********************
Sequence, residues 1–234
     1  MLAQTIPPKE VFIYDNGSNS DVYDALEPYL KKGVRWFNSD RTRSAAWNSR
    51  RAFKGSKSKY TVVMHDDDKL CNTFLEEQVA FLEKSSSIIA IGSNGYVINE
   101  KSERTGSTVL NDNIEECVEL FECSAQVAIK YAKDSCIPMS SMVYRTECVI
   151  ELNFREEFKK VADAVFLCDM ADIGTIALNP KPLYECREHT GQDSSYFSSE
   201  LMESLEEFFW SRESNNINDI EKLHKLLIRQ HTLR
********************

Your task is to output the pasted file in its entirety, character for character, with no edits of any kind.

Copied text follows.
Sequence, residues 1–234
     1  MLAQTIPPKE VFIYDNGSNS DVYDALEPYL KKGVRWFNSD RTRSAAWNSR
    51  RAFKGSKSKY TVVMHDDDKL CNTFLEEQVA FLEKSSSIIA IGSNGYVINE
   101  KSERTGSTVL NDNIEECVEL FECSAQVAIK YAKDSCIPMS SMVYRTECVI
   151  ELNFREEFKK VADAVFLCDM ADIGTIALNP KPLYECREHT GQDSSYFSSE
   201  LMESLEEFFW SRESNNINDI EKLHKLLIRQ HTLR